Family Law attorney Judith Soley, 65, and her client were gunned down at a Bass Lake restaurant Feb. 16 by the client’s husband, who later turned the gun on himself. Ms. Soley and Sandra Williamson, 65, her client, were leaving a restaurant during a break in court proceedings when Williamson’s estranged husband, James, began beating Soley, who was in her van at that time, and then shot her in the head. He chased his wife into the kitchen of the restaurant, where he shot her in the head, before fleeing in a pickup. Officers later found Williamson in his home, where he died of a self-inflicted gunshot wound.
Ms. Soley was the first woman president of the Fresno County Bar Association, and was active in both legal and community circles and was one of the first women to be certified as a family law specialist by the State Bar. Ms. Soley became a lawyer when women didn’t frequently join the profession and she built a successful practice and, as a single mother, raised her daughter, who became her law partner.
Ms. Soley used a wheelchair all her life, but traveled the world, including visits to the Great Wall of China, Russia, England and Hawaii, as well as stints in Italy and Mexico to perfect her language skills. She graduated from UCLA and received her law degree from Boalt Hall, beginning her practice in 1971.
Ms. Williamson was a labor and delivery coach for 15 years and Mr. Williamson was a retired Los Angeles firefighter. Friends of the couple said that Mr. Williamson was manic depressive and refused to take his medication, per reports to them by Ms. Williamson several years ago. The parties’ divorce was an on again, off again action for the last seven years. The initial divorce was filed in 2004 and the couple reconciled only to separate in 2007 when Ms. Williamson obtained a restraining order for domestic violence. In 2010, she tried to have the restraining order renewed but was unable to locate the whereabouts of Mr. Williamson and was unable to have it served.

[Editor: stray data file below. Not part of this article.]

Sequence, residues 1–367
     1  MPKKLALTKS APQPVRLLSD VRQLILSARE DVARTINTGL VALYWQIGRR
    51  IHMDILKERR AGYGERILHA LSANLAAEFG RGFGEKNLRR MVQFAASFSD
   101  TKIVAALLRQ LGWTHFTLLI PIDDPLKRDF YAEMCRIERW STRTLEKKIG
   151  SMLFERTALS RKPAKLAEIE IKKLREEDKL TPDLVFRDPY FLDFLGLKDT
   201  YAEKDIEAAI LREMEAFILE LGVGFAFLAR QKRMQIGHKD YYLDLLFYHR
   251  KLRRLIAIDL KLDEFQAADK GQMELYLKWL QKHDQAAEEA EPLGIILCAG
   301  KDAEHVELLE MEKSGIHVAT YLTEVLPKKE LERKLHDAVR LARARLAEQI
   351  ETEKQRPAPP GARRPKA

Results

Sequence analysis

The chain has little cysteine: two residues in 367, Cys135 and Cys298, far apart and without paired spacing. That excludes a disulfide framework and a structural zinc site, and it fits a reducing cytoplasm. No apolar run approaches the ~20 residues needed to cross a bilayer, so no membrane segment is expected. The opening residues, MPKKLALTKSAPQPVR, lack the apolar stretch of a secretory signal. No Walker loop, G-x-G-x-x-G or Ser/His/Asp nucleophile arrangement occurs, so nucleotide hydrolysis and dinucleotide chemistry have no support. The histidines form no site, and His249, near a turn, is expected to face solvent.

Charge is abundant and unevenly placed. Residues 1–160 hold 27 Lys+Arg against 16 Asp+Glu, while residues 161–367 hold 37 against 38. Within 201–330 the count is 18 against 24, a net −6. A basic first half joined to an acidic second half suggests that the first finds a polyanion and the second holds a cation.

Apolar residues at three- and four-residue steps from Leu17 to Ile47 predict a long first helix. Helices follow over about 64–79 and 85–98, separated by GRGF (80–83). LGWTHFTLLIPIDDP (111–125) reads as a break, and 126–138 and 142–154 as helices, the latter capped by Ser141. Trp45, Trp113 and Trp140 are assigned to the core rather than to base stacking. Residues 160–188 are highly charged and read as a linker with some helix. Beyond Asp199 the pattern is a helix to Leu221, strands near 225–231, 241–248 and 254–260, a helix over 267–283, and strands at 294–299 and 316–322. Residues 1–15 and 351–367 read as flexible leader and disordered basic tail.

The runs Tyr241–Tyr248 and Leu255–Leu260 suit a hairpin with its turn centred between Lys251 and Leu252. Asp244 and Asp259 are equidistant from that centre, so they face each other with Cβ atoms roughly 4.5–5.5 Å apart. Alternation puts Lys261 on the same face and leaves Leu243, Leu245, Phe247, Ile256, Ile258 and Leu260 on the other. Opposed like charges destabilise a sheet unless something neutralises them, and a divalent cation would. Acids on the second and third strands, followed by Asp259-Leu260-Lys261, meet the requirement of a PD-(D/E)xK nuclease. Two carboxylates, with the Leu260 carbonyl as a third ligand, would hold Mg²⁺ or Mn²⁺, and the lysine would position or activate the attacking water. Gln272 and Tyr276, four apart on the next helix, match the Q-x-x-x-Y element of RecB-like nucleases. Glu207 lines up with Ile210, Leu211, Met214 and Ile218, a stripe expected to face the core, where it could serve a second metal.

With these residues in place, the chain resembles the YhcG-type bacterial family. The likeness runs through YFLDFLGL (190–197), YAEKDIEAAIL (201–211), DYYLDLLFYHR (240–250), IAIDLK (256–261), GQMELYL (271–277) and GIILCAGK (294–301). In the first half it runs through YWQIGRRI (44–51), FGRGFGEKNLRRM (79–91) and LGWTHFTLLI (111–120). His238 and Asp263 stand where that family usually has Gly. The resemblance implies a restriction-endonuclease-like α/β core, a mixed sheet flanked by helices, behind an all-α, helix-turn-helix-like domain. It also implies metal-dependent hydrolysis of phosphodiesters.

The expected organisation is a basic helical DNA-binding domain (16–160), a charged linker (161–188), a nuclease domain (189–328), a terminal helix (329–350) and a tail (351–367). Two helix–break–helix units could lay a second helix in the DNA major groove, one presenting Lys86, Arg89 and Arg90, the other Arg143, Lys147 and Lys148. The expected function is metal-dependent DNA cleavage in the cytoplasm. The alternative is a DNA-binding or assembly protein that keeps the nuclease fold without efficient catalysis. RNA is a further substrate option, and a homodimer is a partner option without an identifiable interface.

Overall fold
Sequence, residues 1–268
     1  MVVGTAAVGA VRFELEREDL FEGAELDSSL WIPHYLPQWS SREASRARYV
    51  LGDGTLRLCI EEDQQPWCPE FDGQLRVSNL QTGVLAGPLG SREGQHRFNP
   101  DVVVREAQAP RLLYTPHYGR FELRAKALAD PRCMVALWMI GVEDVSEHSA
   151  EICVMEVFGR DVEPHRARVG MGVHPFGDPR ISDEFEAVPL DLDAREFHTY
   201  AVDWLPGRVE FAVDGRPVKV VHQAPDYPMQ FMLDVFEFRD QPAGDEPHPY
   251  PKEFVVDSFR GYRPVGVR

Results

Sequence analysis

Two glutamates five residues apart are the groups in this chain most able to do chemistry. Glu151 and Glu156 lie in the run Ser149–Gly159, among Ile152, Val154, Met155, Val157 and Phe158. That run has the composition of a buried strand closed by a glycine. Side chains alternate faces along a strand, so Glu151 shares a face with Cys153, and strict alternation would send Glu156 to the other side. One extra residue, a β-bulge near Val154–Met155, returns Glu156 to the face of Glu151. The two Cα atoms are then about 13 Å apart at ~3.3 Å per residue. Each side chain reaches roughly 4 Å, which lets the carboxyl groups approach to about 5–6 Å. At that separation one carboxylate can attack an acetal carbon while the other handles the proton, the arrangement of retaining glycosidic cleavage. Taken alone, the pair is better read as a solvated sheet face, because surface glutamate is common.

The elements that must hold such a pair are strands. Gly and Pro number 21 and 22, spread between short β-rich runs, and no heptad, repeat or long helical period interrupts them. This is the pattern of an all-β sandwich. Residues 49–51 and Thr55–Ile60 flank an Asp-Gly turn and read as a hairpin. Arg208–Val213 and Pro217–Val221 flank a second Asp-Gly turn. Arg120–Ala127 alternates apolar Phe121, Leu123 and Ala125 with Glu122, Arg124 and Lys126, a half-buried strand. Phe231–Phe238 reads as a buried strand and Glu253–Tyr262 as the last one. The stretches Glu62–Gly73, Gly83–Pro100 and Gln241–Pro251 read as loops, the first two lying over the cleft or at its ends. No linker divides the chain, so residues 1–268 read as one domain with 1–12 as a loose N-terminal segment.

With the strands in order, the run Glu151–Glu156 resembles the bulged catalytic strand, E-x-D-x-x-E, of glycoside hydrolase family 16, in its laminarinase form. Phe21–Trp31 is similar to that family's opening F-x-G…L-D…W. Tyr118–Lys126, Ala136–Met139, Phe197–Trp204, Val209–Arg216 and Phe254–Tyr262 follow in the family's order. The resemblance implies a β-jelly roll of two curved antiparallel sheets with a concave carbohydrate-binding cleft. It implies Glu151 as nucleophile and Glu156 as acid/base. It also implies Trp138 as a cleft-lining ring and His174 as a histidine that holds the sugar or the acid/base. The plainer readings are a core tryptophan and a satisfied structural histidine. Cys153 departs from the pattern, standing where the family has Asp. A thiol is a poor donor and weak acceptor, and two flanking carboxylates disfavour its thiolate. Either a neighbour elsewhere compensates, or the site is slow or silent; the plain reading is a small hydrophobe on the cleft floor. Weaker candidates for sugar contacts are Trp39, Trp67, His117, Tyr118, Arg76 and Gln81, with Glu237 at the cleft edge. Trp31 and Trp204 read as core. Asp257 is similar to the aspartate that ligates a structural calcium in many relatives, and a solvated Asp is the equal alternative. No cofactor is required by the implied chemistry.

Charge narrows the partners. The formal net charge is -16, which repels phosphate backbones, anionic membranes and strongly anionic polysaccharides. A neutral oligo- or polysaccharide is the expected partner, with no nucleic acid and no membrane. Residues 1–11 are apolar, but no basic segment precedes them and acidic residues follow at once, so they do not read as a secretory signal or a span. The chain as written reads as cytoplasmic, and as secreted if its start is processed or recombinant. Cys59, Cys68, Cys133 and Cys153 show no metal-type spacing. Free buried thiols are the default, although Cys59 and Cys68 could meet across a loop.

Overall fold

- There was also a civil action between the parties in which Mr. Williamson obtained a loan after he forged his wife’s signature on a deed to gain sole possession of the family home. Ms. Williamson later had the deed voided in court — but not before Williamson took out a $942,000 bank loan based on the forged deed and transferred the money to a joint account he had with a nephew. The civil suit was still pending at the time of the divorce proceeding. This was by no means a simple divorce. You can read the trial brief here prepared by Ms. Soley, which details the many alleged actions of Mr. Williamson.
Family Law can sometimes become very volatile when dealing with very emotional issues and those of us in family law are aware of the dangers that sometimes occur in divorce and custody matters. If you talk to a Family Law attorney, you will no doubt hear of some opposing party who has become angry with the soon to be ex’s attorney, and has made some threatening comment or threatened some action against that attorney.
Working in family law, I have witnessed many times when this has occurred and have had to call in police assistance to escort the opposing party out of the law office during heated moments. One former attorney I worked for has had to be escorted along with the client, from the courthouse to their vehicles by the bailiff, after being threatened in the hallway during negotiations with the opposing party, his counsel and the client.
My thoughts and prayers go out to Ms. Soley’s family and staff and Ms. Williamson’s family and co-workers.